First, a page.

But the Kenners' success has attracted the attention of Germany's vocal anti-wolf lobby. They are the frequent target of hateful comments and their online sites have been attacked in coordinated fake-review raids. Troublemakers have even inserted themselves into the wolf tours to try and provoke the couple.
The Lower Saxony tourism board was also skeptical when approached by DW. Instead of promoting wolves as a potential source of income, they directed queries toward an anti-wolf initiative run by "concerned citizens" in nearby East Frisia.
"There are some people who are quite aggressive, because they feel that my husband is responsible for the wolves' taking over," Barbara says. "But my husband is very tolerant. He says, come along and just form your own opinion."
The citizen-science approach
Another approach that has enjoyed growing success in the region comes from the non-profit Biosphere Expeditions, an international conservation NGO. Clients from around the world pay to join a research expedition and help collect vital field data.
The amateur scientists meet with researchers and are trained up on the basics of tracking wolves. They then go into the field to do the labor-intensive work of collecting samples and data about the animals.
At least two-thirds of the fee is funneled directly into the project and the annual expeditions yield vital research on the movement of wolves.
The 2018 expedition doubled the official state wolf-scat monitoring database, revealing the presence of new wolves and the introduction of a new wolf pack, as well as yielding insights into the animals' diet in the area — for example, no trace of eaten livestock was found in the scat (feces).
Despite his success, founder Dr. Matthias Hammer has also faced a backlash from anti-wolf campaigners. But he sees tourism and particularly citizen-science tourism as an opportunity to protect the wolves.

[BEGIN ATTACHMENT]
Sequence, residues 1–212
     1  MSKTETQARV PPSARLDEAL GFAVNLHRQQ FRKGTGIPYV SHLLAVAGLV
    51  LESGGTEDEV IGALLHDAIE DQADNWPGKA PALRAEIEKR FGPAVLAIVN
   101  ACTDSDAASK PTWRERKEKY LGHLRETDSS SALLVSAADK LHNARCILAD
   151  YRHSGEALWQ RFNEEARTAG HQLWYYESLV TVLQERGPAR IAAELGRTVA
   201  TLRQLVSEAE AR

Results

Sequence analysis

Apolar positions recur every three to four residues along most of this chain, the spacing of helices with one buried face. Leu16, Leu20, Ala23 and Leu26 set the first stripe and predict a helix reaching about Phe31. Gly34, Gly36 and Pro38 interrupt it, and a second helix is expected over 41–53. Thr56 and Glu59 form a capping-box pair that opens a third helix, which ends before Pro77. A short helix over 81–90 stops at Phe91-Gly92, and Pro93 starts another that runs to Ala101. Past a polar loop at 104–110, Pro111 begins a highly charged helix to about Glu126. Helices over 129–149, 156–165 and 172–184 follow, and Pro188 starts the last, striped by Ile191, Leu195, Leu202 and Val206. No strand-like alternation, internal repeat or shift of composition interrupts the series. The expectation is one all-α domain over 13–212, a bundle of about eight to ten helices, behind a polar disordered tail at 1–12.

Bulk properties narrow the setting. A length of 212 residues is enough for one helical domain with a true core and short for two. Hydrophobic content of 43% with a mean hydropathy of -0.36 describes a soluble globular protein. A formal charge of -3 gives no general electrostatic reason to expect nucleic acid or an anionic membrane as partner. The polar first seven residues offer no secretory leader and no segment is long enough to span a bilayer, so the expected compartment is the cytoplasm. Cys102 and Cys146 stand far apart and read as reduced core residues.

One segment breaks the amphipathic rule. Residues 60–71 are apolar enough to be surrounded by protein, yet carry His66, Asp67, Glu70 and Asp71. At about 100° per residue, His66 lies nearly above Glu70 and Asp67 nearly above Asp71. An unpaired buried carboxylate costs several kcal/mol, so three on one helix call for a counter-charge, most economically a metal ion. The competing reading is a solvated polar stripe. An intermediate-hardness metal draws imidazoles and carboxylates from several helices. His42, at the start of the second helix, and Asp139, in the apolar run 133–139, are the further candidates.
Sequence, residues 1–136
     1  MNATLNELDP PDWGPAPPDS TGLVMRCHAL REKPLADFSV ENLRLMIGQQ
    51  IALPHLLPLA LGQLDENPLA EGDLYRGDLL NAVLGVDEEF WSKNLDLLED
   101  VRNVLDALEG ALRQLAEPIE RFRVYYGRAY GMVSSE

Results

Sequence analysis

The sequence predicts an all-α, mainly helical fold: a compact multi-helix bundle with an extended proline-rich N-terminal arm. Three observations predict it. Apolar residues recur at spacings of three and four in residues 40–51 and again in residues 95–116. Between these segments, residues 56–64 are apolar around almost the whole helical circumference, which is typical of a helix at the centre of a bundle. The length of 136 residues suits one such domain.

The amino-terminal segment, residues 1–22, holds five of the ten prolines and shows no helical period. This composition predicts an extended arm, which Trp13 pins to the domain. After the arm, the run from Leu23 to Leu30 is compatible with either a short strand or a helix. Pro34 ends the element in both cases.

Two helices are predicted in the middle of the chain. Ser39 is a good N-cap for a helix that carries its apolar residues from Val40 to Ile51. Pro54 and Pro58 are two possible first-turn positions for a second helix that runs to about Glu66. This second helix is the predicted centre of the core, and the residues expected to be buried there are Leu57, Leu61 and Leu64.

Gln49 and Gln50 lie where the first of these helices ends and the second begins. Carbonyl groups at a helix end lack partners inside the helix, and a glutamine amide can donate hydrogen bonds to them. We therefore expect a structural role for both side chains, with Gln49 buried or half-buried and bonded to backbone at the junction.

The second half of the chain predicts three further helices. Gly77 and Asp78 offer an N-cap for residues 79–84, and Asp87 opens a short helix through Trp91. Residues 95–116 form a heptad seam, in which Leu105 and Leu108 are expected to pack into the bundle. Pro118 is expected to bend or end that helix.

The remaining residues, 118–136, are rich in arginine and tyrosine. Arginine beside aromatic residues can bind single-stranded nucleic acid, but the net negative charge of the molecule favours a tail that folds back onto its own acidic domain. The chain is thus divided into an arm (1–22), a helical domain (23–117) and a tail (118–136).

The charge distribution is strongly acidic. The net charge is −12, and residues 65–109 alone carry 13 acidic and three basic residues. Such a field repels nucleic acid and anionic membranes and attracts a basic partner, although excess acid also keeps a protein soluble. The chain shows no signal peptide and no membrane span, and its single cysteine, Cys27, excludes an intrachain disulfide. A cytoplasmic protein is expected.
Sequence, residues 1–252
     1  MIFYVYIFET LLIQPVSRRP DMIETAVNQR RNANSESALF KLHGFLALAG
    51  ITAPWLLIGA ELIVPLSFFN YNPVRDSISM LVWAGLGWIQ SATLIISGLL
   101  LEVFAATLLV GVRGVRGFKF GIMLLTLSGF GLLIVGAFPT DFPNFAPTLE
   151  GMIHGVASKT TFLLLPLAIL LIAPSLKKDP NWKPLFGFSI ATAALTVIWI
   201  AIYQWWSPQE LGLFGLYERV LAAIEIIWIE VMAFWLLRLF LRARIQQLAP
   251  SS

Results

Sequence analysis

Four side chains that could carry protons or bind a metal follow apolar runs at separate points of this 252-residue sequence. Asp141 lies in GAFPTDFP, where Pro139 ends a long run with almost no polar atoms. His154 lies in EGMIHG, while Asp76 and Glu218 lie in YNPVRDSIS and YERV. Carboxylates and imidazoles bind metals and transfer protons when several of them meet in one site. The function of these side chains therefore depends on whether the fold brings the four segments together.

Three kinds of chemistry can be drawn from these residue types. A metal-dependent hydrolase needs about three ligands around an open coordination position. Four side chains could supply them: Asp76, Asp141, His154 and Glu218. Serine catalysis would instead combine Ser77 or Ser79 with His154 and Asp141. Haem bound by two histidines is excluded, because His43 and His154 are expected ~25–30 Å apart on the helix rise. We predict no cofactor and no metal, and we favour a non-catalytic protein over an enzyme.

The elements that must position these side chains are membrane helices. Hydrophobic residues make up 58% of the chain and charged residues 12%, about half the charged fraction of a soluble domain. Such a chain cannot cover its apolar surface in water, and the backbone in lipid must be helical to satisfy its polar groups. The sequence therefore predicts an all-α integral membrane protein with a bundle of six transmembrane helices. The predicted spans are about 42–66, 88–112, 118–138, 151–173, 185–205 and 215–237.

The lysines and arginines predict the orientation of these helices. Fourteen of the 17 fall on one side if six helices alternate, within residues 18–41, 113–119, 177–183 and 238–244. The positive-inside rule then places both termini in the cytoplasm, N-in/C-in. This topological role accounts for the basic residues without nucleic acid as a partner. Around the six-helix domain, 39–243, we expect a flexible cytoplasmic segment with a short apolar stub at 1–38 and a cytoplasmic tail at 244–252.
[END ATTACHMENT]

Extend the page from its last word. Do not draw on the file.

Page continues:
The growing popularity of the expeditions "shows that being a wolf country not only brings challenges, but also opportunities," Hammer says.
"The conversation is dominated by the naysayers and NIMBIs, by those who are anti-wolf and see only dangers instead of opportunities. This has been driven by farmers, livestock owners and hunters. Sadly, politicians have jumped on the bandwagon in search for votes and in doing so abandoned reason for populism," Hammer told DW.
Read more: Germans divided over return of the wolves
Germany's far-right Alternative for Germany (AfD) party, for example, has seized upon the wolves as a political wedge. The eastern states where wolves have taken hold are plagued with economic, societal and structural problems, but the AfD has campaigned on the topic of the animals' return, using rhetoric similar to that it employs to rail against immigrants.
And the wolves do cause damage, particularly for farmers, who often find their unprotected sheep and calves are easy targets for the wolves.